Worthing school could face closure

Clapham and Patching Primary School. Photo: Google Image
Clapham and Patching Primary School. Photo: Google Image

A primary school in Worthing could be closed down as the council reviews its long-term viability.

West Sussex County Council confirmed it is considering changes to five rural schools in the county which have ‘exceptionally low pupil numbers’, including Clapham and Patching primary school in The Street, Worthing.

The options being explored include federation, merger, relocation, or closure, the council said.

A detailed assessment is set to be carried out and any changes made would be subject to a full consultation with teachers, governors, parents and the community, according to the council.

A spokesman for West Sussex County Council said: “Our School Effectiveness Strategy 2018-22 sets out the need to raise education standards and support schools to be sustainable.

“We have been working with schools for some time to discuss future challenges and we are therefore considering changes to a very small number of schools, with exceptionally low pupil numbers, which may include federation, merger, relocation, or closure.

“These will be based on detailed assessment of the long-term viability of these schools when assessed against Department for Education statutory guidance.

“We know this will cause some uncertainty.

“It’s important to underline that no decisions have yet been made and any changes will be subject to a full consultation with teachers, governors, parents and the community.”

Clapham and Patching primary school, which has 62 pupils, was told to improve by Ofsted following an inspection in 2017.

Inspectors said that pupils’ progress in writing was not consistently good and that the focus on dealing with pupils’ personal, social and emotional needs reduced the time available for delivering highly effective learning.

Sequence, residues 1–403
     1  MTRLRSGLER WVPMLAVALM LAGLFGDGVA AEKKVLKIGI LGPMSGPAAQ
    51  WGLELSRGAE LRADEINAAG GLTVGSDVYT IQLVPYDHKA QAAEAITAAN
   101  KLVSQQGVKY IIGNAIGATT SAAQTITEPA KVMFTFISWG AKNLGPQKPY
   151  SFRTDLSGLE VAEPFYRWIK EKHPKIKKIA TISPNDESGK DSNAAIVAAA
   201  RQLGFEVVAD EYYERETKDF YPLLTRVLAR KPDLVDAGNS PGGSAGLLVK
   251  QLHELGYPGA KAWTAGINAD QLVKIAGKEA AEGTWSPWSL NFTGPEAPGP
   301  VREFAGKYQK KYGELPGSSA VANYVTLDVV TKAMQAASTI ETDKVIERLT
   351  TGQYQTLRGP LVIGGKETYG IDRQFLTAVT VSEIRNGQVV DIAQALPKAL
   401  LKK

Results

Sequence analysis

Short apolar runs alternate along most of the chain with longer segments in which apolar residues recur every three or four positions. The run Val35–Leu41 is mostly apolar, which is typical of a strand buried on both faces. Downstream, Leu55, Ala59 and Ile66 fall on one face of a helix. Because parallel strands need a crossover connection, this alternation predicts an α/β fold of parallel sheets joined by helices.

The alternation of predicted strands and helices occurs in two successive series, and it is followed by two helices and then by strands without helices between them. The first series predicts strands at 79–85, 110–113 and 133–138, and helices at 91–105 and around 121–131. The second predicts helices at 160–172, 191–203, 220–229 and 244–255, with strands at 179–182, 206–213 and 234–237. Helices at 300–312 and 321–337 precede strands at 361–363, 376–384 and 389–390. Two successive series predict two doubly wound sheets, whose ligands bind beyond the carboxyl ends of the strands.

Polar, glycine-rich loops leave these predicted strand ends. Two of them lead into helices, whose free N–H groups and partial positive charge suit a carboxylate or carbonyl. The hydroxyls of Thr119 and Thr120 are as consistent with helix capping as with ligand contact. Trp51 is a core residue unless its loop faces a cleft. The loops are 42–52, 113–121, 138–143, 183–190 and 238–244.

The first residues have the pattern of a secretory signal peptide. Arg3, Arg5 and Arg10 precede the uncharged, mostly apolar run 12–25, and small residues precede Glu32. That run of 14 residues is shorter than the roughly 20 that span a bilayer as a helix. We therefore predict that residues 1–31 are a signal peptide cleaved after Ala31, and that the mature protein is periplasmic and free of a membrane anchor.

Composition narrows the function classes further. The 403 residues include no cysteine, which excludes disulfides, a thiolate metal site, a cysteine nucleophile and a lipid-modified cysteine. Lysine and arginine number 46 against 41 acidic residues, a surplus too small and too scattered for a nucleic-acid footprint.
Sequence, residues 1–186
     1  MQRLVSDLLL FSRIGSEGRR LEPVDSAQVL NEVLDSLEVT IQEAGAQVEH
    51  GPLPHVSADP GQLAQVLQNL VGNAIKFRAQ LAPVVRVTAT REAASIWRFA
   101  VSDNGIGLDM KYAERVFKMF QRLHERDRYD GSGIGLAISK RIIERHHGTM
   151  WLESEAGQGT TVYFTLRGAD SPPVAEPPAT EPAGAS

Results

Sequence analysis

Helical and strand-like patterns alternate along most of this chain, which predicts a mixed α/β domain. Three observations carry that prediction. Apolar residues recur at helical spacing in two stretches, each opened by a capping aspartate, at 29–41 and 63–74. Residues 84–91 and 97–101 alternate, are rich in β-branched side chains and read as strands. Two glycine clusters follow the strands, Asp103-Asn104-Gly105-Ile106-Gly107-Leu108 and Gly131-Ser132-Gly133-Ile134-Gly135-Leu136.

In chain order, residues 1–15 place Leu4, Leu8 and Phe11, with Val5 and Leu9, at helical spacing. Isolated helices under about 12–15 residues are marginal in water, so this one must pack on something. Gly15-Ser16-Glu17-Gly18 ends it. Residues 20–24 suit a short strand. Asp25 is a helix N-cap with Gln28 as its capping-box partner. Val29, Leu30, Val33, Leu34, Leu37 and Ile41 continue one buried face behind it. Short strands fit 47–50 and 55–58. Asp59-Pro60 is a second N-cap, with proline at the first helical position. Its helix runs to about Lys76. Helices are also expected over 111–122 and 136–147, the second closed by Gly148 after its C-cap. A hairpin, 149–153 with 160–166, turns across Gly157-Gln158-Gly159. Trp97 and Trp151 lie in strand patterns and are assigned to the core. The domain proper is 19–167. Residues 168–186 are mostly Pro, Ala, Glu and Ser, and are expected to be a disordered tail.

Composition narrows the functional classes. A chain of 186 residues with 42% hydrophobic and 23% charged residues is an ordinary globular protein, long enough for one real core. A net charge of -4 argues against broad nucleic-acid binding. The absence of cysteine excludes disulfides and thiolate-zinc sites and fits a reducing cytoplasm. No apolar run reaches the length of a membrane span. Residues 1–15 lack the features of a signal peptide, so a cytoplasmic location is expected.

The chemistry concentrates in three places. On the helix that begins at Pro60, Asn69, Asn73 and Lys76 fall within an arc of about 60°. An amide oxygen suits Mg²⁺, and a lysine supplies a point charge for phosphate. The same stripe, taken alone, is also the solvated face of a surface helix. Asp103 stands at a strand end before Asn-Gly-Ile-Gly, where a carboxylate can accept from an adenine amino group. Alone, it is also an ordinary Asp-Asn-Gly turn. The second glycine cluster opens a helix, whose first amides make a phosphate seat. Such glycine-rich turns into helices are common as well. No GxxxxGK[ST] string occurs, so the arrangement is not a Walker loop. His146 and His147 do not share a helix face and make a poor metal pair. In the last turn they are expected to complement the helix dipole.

However, the report recognised the school’s ‘well-known caring and nurturing environment’ and said it had an ‘admirable reputation’ for supporting pupils with high levels of need.

The other schools affected by the county council’s review are Rumboldswhyke School in Chichester, Compton and Up Marden school in Chichester, Warninglid Primary School in Haywards Heath and Stedham Primary School in Midhurst.

A decision as to whether the schools will enter formal consultation will be made in September.

Kate O’Kelly, county councillor for Midhurst, is calling on the council to provide more support to governing bodies in finding possible partner schools with which to form a federation – which she said ‘brings many positives’ and can protect schools from closure.

She submitted a motion to discuss the issues around school federation to West Sussex County Council to be debated in July.

However the debate was deferred until October, when Dr O’Kelly said the consultation may already be underway.

She said: “I am very disappointed that councillors weren’t able to discuss the benefits of partnership and the challenges that small schools face in the summer and make our views known to the Conservative leadership.

“It would also publicise some of the issues so that our communities would be better able to have more time to respond to the threat to their schools.”

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